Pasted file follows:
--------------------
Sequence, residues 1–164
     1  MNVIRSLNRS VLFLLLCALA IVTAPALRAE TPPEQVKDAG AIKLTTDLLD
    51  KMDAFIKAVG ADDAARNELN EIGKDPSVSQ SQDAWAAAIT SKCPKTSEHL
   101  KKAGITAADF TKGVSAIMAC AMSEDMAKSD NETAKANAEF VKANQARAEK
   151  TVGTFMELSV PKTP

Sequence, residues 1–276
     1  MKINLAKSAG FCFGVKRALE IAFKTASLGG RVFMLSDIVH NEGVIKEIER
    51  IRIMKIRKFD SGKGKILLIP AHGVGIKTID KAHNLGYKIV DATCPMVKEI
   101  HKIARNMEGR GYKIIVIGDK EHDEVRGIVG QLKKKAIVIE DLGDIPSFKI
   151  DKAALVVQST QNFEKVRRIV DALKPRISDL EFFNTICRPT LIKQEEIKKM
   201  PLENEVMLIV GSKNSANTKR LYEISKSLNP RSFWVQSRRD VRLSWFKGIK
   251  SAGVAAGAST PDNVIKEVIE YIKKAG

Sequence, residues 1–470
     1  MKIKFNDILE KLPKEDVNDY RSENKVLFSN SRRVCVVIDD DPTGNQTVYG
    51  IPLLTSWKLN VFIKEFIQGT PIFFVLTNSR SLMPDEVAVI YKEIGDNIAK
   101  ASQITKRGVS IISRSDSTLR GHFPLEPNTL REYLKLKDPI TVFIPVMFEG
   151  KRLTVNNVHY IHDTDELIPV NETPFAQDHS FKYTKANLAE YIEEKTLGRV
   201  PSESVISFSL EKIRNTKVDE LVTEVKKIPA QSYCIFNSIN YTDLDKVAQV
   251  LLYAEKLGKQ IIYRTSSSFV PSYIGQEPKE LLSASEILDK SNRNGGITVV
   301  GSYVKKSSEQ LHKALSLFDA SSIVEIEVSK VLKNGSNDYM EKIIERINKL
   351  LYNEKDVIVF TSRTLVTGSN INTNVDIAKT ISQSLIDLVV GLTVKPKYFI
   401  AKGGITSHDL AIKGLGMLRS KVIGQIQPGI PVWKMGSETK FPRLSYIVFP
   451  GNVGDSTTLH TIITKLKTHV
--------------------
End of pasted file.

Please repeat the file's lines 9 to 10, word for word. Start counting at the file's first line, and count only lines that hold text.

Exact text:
   101  HKIARNMEGR GYKIIVIGDK EHDEVRGIVG QLKKKAIVIE DLGDIPSFKI
   151  DKAALVVQST QNFEKVRRIV DALKPRISDL EFFNTICRPT LIKQEEIKKM